The inspiring career path of Jos Peeters, winner of the Lifetime Achievement Award

At the M&A Awards, a Lifetime Achievement Award was granted for the very first time. The honour fell to Jos Peeters, founder of Capricorn Partners. Everyone who learns about his efforts and accomplishments, both at a corporate level and across the wider sector of venture capital, will confirm this is a well-deserved recognition. We caught up with him for an insightful conversation. 

“I did not expect to win this award, but I am very honoured,” admits Jos Peeters when we visit him at the Capricorn Partners offices to review his inspiring career.” After all, a recognition of this kind indicates that you have not only meant something for your own organisation. The ecosystem in which you operate expresses a certain appreciation for the journey you have undertaken.” To state that Jos Peeters travelled an impressive path, is an understatement. He took a pioneering role in the world of Belgian and European venture capital and paved the way for many others. 

Uniting creativity and capital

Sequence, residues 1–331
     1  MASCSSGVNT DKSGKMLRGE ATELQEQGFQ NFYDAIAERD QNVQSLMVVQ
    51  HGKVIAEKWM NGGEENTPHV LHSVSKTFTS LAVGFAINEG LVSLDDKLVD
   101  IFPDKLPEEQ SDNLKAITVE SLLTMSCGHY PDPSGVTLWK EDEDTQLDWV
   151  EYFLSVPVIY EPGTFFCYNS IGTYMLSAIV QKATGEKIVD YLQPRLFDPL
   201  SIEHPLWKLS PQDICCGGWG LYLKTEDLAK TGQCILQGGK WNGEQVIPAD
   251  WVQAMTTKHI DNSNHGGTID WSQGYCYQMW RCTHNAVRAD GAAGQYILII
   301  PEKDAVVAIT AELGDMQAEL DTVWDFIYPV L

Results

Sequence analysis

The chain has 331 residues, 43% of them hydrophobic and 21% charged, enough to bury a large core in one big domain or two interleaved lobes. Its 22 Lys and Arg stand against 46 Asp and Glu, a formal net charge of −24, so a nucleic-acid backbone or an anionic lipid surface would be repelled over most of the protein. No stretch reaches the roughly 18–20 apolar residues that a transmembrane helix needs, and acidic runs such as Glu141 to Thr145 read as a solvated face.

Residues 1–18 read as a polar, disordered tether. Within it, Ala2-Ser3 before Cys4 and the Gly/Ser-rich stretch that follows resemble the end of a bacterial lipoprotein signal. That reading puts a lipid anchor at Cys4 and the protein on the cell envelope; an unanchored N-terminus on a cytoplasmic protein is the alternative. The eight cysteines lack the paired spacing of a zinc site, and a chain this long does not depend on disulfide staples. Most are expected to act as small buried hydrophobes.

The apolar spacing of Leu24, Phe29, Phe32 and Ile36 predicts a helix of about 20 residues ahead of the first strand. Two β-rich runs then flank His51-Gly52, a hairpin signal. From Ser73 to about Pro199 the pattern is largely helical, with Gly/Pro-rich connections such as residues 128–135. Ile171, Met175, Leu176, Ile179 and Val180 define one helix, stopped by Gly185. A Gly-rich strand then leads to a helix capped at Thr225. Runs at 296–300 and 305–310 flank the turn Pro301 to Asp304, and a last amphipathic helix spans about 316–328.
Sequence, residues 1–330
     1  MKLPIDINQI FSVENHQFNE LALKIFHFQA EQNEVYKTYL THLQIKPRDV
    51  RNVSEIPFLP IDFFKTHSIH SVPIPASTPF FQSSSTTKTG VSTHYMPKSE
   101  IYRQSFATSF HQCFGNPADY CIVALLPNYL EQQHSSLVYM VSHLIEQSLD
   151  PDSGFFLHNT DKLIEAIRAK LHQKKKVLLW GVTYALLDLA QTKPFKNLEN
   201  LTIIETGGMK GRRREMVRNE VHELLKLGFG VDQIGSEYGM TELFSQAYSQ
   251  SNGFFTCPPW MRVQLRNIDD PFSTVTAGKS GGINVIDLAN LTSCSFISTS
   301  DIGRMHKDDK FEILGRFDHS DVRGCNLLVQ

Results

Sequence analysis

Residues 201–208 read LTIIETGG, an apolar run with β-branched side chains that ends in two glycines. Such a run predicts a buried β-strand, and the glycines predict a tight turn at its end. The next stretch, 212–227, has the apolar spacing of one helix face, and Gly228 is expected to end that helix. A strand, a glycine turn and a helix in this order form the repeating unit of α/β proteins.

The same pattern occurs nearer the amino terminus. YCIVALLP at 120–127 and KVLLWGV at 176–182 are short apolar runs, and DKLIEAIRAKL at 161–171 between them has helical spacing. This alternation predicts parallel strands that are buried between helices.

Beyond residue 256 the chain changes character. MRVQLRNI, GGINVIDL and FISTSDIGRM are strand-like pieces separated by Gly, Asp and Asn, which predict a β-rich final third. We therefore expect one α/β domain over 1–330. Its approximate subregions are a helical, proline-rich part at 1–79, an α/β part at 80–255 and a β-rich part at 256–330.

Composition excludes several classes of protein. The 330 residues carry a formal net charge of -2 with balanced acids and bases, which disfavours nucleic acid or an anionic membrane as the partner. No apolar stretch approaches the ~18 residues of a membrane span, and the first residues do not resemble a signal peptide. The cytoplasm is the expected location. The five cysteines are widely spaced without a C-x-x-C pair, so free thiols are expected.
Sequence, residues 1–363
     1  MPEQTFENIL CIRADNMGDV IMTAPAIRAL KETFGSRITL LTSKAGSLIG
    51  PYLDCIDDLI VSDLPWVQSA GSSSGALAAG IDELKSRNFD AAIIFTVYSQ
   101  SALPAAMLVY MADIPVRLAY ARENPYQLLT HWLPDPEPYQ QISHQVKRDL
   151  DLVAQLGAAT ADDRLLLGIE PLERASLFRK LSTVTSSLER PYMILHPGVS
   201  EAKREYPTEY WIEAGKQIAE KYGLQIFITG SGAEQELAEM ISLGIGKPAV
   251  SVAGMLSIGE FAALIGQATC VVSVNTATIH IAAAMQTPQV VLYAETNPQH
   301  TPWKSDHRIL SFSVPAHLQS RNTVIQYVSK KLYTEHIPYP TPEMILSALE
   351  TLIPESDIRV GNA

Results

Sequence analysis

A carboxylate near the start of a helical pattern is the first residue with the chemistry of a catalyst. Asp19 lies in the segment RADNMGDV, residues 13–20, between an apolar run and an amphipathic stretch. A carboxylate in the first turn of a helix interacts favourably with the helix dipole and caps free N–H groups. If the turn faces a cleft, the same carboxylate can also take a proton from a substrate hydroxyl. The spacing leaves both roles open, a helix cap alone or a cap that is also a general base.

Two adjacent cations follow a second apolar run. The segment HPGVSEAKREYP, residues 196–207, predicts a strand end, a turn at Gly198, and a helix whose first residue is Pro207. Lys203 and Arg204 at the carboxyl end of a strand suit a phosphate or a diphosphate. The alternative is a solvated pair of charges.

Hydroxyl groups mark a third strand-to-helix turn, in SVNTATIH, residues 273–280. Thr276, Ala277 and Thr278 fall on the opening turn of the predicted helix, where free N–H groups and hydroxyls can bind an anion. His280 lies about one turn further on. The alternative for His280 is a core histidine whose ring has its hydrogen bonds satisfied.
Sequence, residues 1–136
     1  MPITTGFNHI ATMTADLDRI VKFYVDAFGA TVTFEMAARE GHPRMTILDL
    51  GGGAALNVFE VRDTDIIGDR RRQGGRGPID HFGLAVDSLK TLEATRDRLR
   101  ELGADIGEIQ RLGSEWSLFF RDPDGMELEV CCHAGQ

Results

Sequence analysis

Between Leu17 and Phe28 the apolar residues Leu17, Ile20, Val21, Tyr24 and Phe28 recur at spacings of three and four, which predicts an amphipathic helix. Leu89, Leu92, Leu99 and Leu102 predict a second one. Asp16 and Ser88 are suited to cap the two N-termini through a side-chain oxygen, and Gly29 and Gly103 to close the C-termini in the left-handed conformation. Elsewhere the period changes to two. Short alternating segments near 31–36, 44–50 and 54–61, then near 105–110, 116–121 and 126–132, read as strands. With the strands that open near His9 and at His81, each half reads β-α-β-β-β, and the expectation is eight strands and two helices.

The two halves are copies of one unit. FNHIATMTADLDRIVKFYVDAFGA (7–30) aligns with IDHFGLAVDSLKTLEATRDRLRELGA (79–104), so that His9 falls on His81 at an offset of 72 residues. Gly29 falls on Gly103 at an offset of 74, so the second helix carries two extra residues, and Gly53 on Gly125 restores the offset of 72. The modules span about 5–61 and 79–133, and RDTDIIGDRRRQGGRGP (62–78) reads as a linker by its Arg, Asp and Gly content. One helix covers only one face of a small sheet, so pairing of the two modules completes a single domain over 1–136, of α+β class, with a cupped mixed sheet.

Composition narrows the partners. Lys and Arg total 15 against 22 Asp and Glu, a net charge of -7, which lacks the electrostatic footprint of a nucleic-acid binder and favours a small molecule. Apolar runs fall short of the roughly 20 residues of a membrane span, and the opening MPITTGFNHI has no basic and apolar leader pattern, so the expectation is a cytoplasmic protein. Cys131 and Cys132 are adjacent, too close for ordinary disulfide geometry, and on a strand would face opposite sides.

In his acceptance speech, he called entrepreneurs and long-term investors “the universal way to create sustainable wealth and better living conditions for people and to mitigate the challenges we pose to our environment”. He gladly elaborates on that statement. “I am convinced that politics should be doing two things: creating the conditions in which a society can function and sanctioning the laws or rules that have been established. Societal problems are not solved by politicians. Entrepreneurs provide the solutions, move us forward and create wealth. And especially when it comes to new products or services, you need funding to do so. In the modern world, knowledge is one thing and capital another. The creative power does not necessarily lie with those who also have the capital. Therein lies the very role of venture capital or private equity: it unites the ideas with the capital. With capital that is patient and can deal with losses as well.”